The Sunday version of Bagels With ButterTM has morphed into a trip to our local diner, mainly because: 1) Daddy wants eggs and bottomless coffee; 2) those slackers at the coffee place don’t open until 8 on Sunday mornings; and 3) the diner offers a far more interesting view of disheveled dog-walkers and vehicles running red lights.
On the way to our table, we passed a dad ministering to a one-year-old girl in a high chair while a four-year-old girl vigorously sawed at a waffle. Since lately I’ve been envisioning the next few years of my life as that of a beleaguered shuttlecock in my children’s insouciant game of badminton, I saw the chance to squeeze a little reassurance from a kindred spirit. I’d confess my nervousness, he’d tell me it’s not so bad, and we’d laugh heartily, merge our tables, and order a side of bacon for everyone in the restaurant.
I began with the tried-and-true parental icebreaker:
Me: “How old are your girls?”
Him: “These are my sister’s kids. She and my wife are upstairs sleeping off hangovers. So I’m sorta stuck with them.”
Ah. OK. The conversation just went code blue, but it’s still got strong vitals. At least he’s wearing a Sox cap.
Me: “It’s good to see more Red Sox caps around town since the World Series.”
Him: “I have no idea what this hat means. My brother gave it to me before he moved to Australia.”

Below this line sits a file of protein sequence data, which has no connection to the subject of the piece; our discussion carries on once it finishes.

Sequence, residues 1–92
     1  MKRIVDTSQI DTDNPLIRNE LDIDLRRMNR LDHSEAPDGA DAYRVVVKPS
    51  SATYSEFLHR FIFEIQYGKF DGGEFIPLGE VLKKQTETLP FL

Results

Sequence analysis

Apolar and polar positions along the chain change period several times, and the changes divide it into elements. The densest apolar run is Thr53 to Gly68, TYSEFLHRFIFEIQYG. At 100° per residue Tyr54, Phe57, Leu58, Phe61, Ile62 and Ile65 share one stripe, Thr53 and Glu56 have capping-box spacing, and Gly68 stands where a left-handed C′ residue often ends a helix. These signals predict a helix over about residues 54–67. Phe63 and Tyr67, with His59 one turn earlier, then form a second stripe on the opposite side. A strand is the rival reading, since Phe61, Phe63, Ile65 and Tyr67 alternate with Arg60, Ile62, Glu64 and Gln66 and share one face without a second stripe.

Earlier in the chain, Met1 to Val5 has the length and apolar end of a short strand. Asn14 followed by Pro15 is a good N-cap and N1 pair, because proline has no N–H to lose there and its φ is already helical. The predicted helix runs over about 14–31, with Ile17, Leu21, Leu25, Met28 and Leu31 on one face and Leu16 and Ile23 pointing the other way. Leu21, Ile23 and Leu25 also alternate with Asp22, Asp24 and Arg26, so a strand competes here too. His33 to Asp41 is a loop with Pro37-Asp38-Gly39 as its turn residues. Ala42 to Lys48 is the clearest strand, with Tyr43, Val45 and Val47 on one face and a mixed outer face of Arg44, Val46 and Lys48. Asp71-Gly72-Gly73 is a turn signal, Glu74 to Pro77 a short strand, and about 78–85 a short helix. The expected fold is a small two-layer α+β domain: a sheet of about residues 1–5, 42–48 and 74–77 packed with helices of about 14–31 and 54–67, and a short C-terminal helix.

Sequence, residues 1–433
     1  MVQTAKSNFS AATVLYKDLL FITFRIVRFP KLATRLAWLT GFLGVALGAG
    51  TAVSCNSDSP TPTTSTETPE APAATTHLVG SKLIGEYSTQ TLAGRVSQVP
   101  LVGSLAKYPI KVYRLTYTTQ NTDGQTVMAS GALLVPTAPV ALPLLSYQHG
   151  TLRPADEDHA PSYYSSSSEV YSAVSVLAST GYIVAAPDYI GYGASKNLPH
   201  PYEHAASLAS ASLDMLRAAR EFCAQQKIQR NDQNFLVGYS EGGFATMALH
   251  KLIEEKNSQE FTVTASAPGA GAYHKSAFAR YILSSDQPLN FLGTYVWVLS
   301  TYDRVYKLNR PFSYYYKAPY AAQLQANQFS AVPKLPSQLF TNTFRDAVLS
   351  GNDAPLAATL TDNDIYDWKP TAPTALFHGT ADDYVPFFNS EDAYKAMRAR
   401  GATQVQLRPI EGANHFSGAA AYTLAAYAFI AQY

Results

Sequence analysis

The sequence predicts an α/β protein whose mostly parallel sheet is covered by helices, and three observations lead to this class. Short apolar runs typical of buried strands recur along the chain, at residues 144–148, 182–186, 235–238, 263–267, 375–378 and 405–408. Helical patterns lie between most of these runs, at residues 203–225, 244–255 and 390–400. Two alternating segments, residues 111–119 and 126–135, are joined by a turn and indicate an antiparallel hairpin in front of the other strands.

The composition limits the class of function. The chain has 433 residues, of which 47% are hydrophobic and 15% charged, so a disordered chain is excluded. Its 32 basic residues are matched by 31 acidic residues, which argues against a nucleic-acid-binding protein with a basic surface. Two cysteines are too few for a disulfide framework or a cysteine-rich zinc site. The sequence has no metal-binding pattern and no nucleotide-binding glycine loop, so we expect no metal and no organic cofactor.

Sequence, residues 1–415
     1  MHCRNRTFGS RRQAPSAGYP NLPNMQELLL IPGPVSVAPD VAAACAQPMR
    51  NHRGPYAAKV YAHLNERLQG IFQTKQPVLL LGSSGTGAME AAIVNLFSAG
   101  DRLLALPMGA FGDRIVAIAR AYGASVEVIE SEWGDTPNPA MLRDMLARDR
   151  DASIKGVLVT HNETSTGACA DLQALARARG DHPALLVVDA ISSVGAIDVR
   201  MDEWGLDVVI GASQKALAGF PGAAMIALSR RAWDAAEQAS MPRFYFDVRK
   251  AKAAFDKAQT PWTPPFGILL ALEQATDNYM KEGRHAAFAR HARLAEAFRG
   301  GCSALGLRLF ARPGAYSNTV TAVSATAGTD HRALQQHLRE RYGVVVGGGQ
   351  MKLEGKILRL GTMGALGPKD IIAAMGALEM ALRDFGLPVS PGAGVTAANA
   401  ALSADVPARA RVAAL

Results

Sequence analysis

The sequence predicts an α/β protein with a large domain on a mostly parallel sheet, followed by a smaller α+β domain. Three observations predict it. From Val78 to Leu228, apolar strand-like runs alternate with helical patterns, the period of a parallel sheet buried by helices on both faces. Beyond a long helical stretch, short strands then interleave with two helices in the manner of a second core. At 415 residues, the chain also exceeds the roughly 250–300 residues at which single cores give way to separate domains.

Me: “Do you follow baseball at all?”
Him: “Not really. I just moved here from Zambia.”
Now we’re on life support. Time to whip out the defibrillator paddles.
Me: “How do you like the city so far?”
Him [smiling wanly]: “I miss my home.”
Beeeeeeeeeeeeeeeeeep. Time of death, 7.48am.
Later, after they had left, I caught myself gazing at Robert while he gnawed on his breakfast. This will be his first real Christmas, I thought, and I wondered what he must be thinking of all the lights and Bing Crosby music and the five-foot evergreen by the TV. As if reading my mind, he looked round at all the diner’s holiday decorations—Santa and his reindeer over the lunch counter, icicle lights and other baubles hanging from every horizontal seam in the ceiling—and exclaimed, “Wow! Look at all this crap!”